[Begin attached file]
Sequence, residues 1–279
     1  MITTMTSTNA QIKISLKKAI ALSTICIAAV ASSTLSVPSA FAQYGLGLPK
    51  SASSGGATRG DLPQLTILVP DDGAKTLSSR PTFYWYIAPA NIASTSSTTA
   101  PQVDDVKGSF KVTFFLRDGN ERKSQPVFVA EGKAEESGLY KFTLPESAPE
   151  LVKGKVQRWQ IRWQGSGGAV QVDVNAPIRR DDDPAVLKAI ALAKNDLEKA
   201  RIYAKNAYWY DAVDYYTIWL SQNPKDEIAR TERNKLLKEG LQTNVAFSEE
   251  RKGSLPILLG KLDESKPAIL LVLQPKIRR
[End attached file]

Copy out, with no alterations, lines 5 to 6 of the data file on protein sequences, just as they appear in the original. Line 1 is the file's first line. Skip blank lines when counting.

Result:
   151  LVKGKVQRWQ IRWQGSGGAV QVDVNAPIRR DDDPAVLKAI ALAKNDLEKA
   201  RIYAKNAYWY DAVDYYTIWL SQNPKDEIAR TERNKLLKEG LQTNVAFSEE